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The Macron plan matters for Turkey
Looking for a reason why the eurozone was so ineffective in combatting its economic problems? Look at the French inaction in dealing with problems of its own. The country has been lagging behind economically, socially and politically for the past decade, while Germany ploughed ahead to be leader of Europe.
President Emmanuel Macron of France has finally decided to do something about this. He unveiled a plan for less rigidity in the French labor market. If it manages to improve the performance of the French economy, that is good news for Turkey, too. Let me elaborate.
So could it work in France? Well, a similar plan worked perfectly well in Germany. No, Germany is no France. But look at recent performance. German unemployment rate peaked at around 12 percent in 2005 and then declined to single-digit numbers starting from 2007. In 2005, the French unemployment rate was around 9 percent compared to Germany’s a shade below 12 percent. Between 2003 and 2007, the German unemployment rate was higher than that of the French. Now France has a stubborn rate of 10 percent compared to Germany’s 4 percent. That’s what Macron’s Copernican revolution is about. It is a game changer for a country like France.
Just have a close look at the Macron plan. The plan is to replicate in France what Gerhard Schröder had done in Germany back in 2003. Schröder was the Chancellor of Germany between 1998 and 2005. He was the guy who, among many other things, has brought flexibility to the German labor market. Schröder’s plan passed the Bundestag in 2003. It worked. The so-called “Agenda 2010” worked wonders and the rate of unemployment had declined to a third of what it was in the past. Yet it had a cost. Schröder’s chancellorship ended in 2005. His SPD lost the elections. That’s how Angela Merkel became the Chancellor of Germany.
And believe me, the guy knew that he was about to lose the election. I recall how he explained this to President Recep Tayyip Erdoğan around that time. It was just after the 2002 elections in Turkey, and the ruling Justice and Development Party (AK Party) had won the elections by a landslide, yet Erdoğan was not even a member of parliament due to a court case prohibiting his electability. Smooth political transition was the issue of the day. That’s when Erdoğan started a tour of European capitols. This was just to oversee an orderly transition of power in Turkey, mind you. Guess where the tour started? Berlin, of course. There, Schröder found time to explain how Agenda 2010 labor market flexibility measures were going to be good for Germany, but bad for the SPD in the upcoming elections. Yet he did it. It took courage for politicians to make hard decisions.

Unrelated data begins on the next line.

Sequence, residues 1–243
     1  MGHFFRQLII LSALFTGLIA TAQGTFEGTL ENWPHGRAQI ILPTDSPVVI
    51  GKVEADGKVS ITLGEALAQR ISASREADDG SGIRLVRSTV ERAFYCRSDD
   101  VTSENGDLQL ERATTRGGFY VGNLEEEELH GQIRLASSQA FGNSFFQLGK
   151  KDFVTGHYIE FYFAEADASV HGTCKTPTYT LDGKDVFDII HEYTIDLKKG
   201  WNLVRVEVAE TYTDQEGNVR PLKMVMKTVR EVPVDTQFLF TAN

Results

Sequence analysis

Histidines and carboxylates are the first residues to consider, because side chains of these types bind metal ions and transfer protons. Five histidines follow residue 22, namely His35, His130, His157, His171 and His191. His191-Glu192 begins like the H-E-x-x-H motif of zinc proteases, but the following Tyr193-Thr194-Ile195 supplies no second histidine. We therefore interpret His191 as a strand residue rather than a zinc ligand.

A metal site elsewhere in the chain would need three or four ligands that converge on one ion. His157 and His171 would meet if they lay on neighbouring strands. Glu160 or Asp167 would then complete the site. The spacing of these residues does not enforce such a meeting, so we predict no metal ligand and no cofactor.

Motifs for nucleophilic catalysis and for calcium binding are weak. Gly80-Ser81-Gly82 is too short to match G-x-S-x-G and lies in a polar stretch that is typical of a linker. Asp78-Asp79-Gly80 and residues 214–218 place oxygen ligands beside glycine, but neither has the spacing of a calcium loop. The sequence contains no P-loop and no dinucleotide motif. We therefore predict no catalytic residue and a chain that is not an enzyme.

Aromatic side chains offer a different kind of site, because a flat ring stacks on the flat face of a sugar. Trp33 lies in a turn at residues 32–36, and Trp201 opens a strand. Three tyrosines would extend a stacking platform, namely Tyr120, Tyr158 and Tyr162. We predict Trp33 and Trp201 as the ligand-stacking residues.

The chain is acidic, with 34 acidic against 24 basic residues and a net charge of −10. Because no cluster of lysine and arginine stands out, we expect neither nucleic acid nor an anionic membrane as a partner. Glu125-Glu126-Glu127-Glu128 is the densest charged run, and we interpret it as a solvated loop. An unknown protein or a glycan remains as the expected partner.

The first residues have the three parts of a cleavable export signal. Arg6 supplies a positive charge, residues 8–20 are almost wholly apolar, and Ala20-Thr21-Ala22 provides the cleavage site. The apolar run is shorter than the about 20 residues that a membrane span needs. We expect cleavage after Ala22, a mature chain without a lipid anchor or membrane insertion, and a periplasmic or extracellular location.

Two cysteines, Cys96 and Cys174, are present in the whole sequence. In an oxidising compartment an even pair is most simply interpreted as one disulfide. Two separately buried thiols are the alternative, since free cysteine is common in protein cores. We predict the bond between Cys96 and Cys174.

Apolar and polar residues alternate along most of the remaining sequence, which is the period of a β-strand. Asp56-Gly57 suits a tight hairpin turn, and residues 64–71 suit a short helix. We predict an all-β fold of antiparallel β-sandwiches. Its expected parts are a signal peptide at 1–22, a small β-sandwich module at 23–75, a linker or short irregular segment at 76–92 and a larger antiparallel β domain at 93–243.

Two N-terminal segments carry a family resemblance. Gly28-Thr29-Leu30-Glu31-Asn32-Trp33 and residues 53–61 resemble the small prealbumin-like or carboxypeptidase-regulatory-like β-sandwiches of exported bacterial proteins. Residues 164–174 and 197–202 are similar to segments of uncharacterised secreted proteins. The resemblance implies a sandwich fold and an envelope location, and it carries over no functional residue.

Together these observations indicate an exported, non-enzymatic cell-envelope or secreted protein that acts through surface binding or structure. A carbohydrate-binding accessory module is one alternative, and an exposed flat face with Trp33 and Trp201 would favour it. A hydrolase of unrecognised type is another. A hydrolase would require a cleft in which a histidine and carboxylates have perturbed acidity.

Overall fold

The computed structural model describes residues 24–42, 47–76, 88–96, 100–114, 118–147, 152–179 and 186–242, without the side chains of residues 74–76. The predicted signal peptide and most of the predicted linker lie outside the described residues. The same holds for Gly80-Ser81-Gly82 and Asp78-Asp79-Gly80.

Macron is doing what Schröder had done about 15 years ago. If it also works in France as in Germany before, this will be good for Turkey. Why? Turkey is an intrinsic part of the European economy. Turkey has changed a lot in the last four decades. In 1979, the share of trade in GDP was a shade below 10 percent. Today, this number has reached around 50 percent. Turkey has opened up. Around 60 percent of our trade is with the EU. Turkey is an integral part of the EU automotive value chains, especially.
It’s like the computational fluid dynamics. The performance of the Turkish economy directly depends on the performance of the EU economy. The political upheaval in our newly diversified Middle Eastern markets have strengthened, not weakened this dynamic. The EU is important to Turkey, much more so than Russia or Iran, mind you.
If Macron’s Copernican revolution succeeds in France, it is not only good for Europe but is also good for Turkey, which is an inseparable part of the EU economy.